Community banks have always heavily relied on lending activities, but with more fintechs and bigger players on the market, their loan portfolios are at risk. Still, community banks can protect themselves by using the right technology, and here’s how.
Traditional lending under threat
Banks do not sufficiently diversify risks, pinning their hopes primarily on interest-based revenue from loans to generate income. As stated in the National Survey of Community Banks, small business lending and mortgages for county citizens have long been the most prominent lending activities of community banks. But other businesses seem to have set their eyes on this long-established community banks’ privilege.
Lending competition at full blast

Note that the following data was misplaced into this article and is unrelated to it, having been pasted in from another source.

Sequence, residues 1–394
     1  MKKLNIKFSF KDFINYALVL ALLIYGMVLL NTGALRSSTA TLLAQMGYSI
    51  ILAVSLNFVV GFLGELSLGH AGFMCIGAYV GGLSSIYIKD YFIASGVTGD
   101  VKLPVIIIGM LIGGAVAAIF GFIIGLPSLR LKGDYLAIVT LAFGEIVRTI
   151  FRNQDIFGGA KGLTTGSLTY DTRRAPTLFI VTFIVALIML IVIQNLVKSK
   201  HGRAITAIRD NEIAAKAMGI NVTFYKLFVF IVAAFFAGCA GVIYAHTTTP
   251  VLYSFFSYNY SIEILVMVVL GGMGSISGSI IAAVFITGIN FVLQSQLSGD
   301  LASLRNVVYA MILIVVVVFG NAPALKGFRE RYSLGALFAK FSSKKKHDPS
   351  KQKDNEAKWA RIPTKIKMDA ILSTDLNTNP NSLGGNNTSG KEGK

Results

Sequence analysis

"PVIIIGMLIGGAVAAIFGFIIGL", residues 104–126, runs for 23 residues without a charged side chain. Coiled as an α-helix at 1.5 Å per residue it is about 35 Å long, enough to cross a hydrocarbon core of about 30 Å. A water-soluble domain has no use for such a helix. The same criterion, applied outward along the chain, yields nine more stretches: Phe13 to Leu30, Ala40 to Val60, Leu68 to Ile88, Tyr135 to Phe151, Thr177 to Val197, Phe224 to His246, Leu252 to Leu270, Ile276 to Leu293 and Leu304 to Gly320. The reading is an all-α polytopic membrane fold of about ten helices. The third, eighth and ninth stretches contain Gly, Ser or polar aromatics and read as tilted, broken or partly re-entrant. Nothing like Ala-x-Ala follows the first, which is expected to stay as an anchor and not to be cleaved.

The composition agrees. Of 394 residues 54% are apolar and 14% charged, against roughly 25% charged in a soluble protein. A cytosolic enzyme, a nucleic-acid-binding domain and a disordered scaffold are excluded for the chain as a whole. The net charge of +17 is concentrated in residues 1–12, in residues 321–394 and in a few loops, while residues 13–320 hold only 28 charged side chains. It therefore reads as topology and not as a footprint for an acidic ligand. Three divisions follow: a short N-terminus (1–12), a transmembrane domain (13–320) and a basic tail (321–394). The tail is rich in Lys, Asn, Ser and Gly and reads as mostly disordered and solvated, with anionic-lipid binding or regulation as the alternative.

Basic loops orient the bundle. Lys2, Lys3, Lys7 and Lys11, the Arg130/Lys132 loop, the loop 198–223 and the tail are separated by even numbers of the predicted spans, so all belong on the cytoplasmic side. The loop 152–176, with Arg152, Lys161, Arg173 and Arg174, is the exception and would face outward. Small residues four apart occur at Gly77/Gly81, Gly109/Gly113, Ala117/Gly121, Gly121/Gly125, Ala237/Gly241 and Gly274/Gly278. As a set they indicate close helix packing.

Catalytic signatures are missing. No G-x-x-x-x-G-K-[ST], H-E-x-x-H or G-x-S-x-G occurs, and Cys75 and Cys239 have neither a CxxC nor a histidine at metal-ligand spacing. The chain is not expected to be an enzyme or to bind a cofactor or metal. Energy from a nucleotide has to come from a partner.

1. Online lenders
Since the first online loan provider entered in 1985, digital lenders have been transforming customer expectations by offering easy access to loans. For example, Quicken Loans, specializing in mortgages and refinancing services, uses a smart slogan “Push button − get mortgage” to demonstrate just how simple it is. The New York Times even called this service “the new mortgage machine,” while J.D. Power in their “Primary Mortgage Origination Satisfaction” study, ranked Quicken Loans highest for the seventh consecutive year.
Square is another successful online lender with the primary focus on small business loans. As of September 2016, the company provided more than $1 billion in loans to businesses through its Square Capital program.
2. Banking and finance mammoths